This article is the first in a series about how farmers and rural communities are helping to address hunger in their areas.

According to Feeding America, one in six individuals in the United States is designated as being food insecure.

“It’s your neighbors, the people you work with, and sometimes, it is within your own family,” said Robin Murray, community services supervisor for Catholic Charities Food Pantry in Decatur, Ill.

Catholic Charities was one of the volunteer groups that helped to collect food items at the annual America’s Farmers Food Drive during the Farm Progress® Show in Decatur this August. The group also was a recipient of a portion of the collected donations.

 “As we approach the holiday season, people are very generous to us, but hunger occurs year-round, so the need for food assistance continues as well,” Murray said.

Since 2009, the America’s Farmers Food Drive has partnered with two U.S. farm shows during the summer to promote hunger awareness and support local food pantries. In addition to the food drive at the Farm Progress® Show, a food drive is also held at Husker Harvest Days in Grand Island, Neb. For every pound of food collected, the Howard G. Buffett Foundation donated $1 (up to $10,000) to Feeding America, and Monsanto donated $1 (up to $10,000) to the United Way.

“The United Way of Decatur and Mid-Illinois is so grateful to Monsanto for sponsoring the food drive,” said James Keith, director of community impact at the United Way of Decatur and Mid-Illinois. “The Monsanto team was fantastic to work with, and the food and money raised went a long way in helping an increasing number of individuals in need in our community.”

This year, the America’s Farmers Food Drive collected a total of 22,118 pounds of food in Decatur at the Farm Progress® Show. The food donations were divided into thirds, supplying three local pantries with more than 7,350 pounds of food.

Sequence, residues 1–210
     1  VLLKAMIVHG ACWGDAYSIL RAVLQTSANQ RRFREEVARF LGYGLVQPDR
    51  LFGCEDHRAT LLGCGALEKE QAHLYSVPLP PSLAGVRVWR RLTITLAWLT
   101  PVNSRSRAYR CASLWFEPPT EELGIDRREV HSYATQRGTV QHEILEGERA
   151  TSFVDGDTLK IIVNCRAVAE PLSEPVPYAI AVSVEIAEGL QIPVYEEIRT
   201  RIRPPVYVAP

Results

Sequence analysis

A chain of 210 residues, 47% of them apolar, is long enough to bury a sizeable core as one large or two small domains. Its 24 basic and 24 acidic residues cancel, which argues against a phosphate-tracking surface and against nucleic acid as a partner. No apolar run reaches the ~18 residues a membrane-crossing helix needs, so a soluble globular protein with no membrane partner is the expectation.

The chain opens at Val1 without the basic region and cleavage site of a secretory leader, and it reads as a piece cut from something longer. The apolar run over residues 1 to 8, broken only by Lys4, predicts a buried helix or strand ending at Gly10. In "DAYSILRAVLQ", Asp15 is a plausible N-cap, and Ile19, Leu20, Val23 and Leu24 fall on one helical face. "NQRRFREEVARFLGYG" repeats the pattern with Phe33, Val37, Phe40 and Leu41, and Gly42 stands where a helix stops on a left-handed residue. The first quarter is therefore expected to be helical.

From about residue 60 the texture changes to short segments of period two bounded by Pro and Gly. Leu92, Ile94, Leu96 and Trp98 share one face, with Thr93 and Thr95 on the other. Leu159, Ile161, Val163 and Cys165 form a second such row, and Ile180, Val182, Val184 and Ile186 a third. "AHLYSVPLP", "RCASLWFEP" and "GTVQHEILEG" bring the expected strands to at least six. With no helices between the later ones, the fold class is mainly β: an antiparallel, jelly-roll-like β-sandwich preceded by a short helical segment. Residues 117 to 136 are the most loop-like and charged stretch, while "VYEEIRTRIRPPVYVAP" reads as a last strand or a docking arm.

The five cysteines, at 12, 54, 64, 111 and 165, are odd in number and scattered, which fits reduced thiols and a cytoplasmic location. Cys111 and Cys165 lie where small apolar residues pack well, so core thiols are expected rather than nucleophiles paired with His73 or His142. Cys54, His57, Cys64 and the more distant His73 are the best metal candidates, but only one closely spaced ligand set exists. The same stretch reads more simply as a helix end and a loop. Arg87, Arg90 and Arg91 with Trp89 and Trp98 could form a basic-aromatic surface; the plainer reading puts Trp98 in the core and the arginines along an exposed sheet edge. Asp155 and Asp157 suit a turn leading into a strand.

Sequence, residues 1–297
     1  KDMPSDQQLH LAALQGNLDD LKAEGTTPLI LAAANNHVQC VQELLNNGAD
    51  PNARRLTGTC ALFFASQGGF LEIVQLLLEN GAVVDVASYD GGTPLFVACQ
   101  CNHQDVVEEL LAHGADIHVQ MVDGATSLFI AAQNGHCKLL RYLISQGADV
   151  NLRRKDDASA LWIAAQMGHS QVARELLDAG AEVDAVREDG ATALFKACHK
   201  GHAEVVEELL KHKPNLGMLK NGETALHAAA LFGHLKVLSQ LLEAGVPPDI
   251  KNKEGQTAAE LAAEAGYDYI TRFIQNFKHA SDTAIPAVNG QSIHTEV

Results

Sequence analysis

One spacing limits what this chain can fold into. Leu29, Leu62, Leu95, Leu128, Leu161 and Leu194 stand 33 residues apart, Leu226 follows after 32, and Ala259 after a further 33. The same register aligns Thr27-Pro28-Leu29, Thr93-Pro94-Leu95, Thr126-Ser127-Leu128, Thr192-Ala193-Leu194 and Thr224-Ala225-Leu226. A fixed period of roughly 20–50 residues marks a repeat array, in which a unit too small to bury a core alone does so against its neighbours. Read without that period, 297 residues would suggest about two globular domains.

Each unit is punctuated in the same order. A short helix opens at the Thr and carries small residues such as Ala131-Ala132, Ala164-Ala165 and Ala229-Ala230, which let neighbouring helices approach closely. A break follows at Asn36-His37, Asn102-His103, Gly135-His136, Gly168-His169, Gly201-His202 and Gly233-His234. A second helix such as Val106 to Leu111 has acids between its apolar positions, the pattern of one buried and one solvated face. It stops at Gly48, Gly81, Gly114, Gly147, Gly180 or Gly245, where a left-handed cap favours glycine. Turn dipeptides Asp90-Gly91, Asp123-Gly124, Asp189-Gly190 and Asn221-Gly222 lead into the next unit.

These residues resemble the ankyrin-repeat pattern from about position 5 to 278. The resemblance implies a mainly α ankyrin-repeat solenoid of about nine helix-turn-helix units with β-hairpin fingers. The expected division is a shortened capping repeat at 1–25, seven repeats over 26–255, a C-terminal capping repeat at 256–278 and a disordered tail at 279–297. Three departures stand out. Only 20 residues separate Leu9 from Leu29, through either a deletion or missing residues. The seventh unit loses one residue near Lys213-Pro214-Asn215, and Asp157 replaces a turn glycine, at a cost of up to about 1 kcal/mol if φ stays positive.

“The donation came at the most opportune time,” said Jerry Pelz, director of the Northeast Community Fund. “This summer included the two busiest months in the history of the organization. Nearly 4,000 families visited our food pantry within that time frame.”

“The need for food in this area has grown tremendously,” said Dave MacDonna, director of development and community relations for the Salvation Army of Decatur and Macon County. “We are seeing 300 to 500 families a week. We used the donations to fill our food boxes, which provide a family with three to four days of food to help them get through a crisis.”

“The donations did help,” said Murray. “During the month of September, we gave out 1,787 bags of food, and those bags contained 20 to 25 pounds of product. The 7,350 pounds of food was part of a total of 40,000 pounds of food that went out the door that month.”

In addition, each year FFA chapters and 4-H clubs are invited to participate in the food drive and statewide competition for the largest food donation, but they also take home a valuable life lesson.

“Participating in the food drive teaches our youth the concept of why it is important to give back to their communities,” said MacDonna. “It also helps them realize that hunger is a major problem right here in the United States.”

The charities work to alleviate hunger in their community in their own ways, which includes offering prepared food boxes, allowing clients to select their own items and encouraging people to select healthier options through an education program, especially for clients with diabetes or cholesterol problems.   

The organizations are grateful for the continued support that they receive and credit the generosity of the community to helping them keep the doors open to serve those in need.

“More and more people have had a friend, neighbor or loved one affected by hunger, and they know better that the person affected is not just some nameless, faceless individual,” Pelz said. “The community responds very positively and generously, and we certainly saw that in the collections that came from the people that attended the show. We are extremely thankful for that and Monsanto’s generosity in matching the donations. 

“It does make a difference. When everyone pulls together, it allows us to do what we do.”

Since the Food Drive launched in 2009, farmers, community members and ag youth have collected more than 100,000 pounds of food at the two farm shows, and Monsanto has matched the maximum $10,000 donation for both shows each year for a cumulative total of $100,000.